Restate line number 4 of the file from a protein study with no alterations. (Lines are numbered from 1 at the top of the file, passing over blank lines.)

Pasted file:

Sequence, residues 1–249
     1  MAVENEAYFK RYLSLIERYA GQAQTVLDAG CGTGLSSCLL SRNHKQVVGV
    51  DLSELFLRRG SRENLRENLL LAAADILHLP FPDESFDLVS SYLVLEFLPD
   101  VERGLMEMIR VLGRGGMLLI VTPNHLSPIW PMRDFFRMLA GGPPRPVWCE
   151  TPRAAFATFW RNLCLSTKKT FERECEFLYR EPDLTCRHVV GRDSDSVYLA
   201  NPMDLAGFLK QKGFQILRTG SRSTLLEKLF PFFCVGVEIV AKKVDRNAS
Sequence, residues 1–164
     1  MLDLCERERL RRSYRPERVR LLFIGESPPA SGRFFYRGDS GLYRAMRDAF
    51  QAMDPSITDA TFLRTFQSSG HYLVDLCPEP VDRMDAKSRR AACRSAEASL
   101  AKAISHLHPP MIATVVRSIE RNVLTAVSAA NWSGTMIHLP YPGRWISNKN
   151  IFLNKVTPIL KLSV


   101  VERGLMEMIR VLGRGGMLLI VTPNHLSPIW PMRDFFRMLA GGPPRPVWCE